Crystal Stella Becerril

In a profile piece in the most recent issue of The New Yorker, Kobe Bryant revealed his thoughts on a photo tweeted by Miami Heat’s LeBron James in 2012  of the team wearing their hoodies up to show support and demand justice for Trayvon Martin:

“I won’t react to something just because I’m supposed to, because I’m an African-American,” he said. “…we want to advance as a society and a culture, but, say, if something happens to an African-American we immediately come to his defense? …. don’t jump to somebody’s defense just because they’re African-American.”

Given what we know about the case, about Zimmerman’s racist beliefs and intentions, and about the equally racist defense attorney and jury that let him walk, Bryant's comments strike a nerve in the collective consciousness of the thousands of people across the country (and the world) who took to the streets to demand justice for Trayvon Martin.

Bryant’s ignorance and callousness, however, is more than just enraging; it illustrates the extent to which many affluent people of color (and those who aspire to be) have bought into the color-blind delusion. (There are, of course, exceptions. Dave Chappelle and Kanye West are among the most outspoken Black celebrities who regularly call out racism and then end up getting labeled crazy, unstable, or delusional for it.)

Color-blindness – the belief that because racial discrimination is no longer legal we have achieved racial equality, making racism a thing of the past – is incredibly dangerous. Instead of identifying the system (capitalism) and institutions responsible for upholding and perpetuating racism, color-blindness leads to the advocation of a politics of “personal responsibility”, which blames victims of racial terrorism, like Trayvon Martin and Jordan Davis, for their own murders.

This delusion that we live in a color-blind world is a consequence of the internalized white-supremacy many people of color develop either out of necessity for survival in a white-supremacist, capitalist world, or out of class privilege as Kobe Bryant's case.

While he's certainly not exempt from facing racism, Kobe’s wealth and power afford him the privilege of not having to endure the type of racism and oppression that non-wealthy people of color face everyday. That might explain why, even though Bryant spent 10 years of his childhood living in Italy, which has its own brand of racism (see the recent racist attacks on Cécile Kyenge, Italy’s first Black minister and Kevin-Prince Boateng, former midfielder for AC Milan), he still has such a warped understanding of the American brand of racism. Ours is far more insidious and sophisticated, employing powerful tools like the color-blind delusion and politics of personal responsibility.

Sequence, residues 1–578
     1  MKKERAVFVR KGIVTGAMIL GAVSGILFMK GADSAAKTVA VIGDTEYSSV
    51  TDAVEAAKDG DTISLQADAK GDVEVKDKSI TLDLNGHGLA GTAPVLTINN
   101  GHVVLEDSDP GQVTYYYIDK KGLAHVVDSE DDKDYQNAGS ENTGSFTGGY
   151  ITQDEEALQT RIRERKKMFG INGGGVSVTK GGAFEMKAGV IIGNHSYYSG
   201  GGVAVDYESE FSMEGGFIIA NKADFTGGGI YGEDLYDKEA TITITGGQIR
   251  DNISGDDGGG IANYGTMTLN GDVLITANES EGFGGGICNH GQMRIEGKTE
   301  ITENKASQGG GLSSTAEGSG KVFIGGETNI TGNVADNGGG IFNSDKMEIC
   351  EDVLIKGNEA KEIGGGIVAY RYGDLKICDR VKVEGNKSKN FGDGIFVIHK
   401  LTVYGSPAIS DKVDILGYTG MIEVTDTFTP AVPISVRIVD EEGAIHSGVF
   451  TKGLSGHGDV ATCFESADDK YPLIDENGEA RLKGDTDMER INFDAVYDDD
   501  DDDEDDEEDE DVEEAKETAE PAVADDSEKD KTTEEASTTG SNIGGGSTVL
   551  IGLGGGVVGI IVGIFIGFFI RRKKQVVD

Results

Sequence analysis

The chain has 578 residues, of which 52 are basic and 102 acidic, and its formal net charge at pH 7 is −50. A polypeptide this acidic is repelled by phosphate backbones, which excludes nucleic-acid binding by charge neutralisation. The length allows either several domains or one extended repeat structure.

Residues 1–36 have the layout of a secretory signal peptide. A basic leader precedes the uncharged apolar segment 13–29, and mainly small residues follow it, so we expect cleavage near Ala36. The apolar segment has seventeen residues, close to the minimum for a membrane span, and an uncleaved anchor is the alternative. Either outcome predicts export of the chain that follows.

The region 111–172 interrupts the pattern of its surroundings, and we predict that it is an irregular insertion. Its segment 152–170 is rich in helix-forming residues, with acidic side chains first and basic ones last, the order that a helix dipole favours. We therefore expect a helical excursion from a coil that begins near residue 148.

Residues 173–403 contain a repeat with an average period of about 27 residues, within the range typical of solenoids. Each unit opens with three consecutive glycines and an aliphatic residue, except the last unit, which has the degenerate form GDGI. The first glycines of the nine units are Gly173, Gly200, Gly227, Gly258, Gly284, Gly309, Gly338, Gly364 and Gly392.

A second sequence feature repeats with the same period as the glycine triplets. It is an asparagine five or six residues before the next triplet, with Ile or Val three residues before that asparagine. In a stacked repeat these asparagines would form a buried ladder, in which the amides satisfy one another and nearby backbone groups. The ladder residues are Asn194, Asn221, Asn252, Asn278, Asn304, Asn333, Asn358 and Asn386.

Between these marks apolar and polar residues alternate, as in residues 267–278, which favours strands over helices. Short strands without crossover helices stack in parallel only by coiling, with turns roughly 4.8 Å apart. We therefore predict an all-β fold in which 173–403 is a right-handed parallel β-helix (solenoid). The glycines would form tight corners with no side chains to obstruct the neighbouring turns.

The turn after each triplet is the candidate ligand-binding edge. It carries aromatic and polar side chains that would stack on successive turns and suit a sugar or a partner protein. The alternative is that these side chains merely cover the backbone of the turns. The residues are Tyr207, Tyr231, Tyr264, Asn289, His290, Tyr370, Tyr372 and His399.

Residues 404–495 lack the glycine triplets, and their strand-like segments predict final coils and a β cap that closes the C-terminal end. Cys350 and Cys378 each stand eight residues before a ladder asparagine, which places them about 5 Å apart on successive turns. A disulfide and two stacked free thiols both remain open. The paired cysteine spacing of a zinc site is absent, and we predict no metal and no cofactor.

Likewise, the fact that the largely white ruling class is more than happy to overlook someone’s race/skin color if it suits their needs makes it easier for them to maintain the status quo.

But hey, Kobe, if you're still confused about why LeBron James and the Miami Heat (and thousands of other individuals) did what they did, Jamilah King of Colorlines puts it this way:
“People didn’t stand up for Trayvon Martin just because he was a black boy, they did it because his death so sharply illustrated the dangers of being a black boy in America.”

Get it now?

Crystal Stella Becerril is a Chicago-based activist, writer, and journalist. She is currently a contributing writer for Socialist Worker Newspaper, Harold Washington College's The Herald, and Red Wedge Magazine where she was also a former editor. She is an undergrad philosophy student at Harold Washington College where her focus is on socialist/Marxist theory and intersectional feminism. Her written work focuses on covering political events and providing context and analysis, developing sociological and materialist perspectives on pop culture, and chronicling her experiences as a Xicana feminist.

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